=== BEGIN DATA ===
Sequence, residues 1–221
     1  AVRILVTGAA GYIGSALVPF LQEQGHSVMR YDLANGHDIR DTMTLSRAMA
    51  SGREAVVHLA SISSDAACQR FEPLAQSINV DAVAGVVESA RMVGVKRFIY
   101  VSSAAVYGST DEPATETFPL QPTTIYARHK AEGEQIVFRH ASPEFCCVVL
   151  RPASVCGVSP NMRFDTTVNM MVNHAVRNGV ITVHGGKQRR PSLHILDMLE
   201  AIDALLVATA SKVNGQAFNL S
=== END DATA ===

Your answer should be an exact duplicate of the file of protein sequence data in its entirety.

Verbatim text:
Sequence, residues 1–221
     1  AVRILVTGAA GYIGSALVPF LQEQGHSVMR YDLANGHDIR DTMTLSRAMA
    51  SGREAVVHLA SISSDAACQR FEPLAQSINV DAVAGVVESA RMVGVKRFIY
   101  VSSAAVYGST DEPATETFPL QPTTIYARHK AEGEQIVFRH ASPEFCCVVL
   151  RPASVCGVSP NMRFDTTVNM MVNHAVRNGV ITVHGGKQRR PSLHILDMLE
   201  AIDALLVATA SKVNGQAFNL S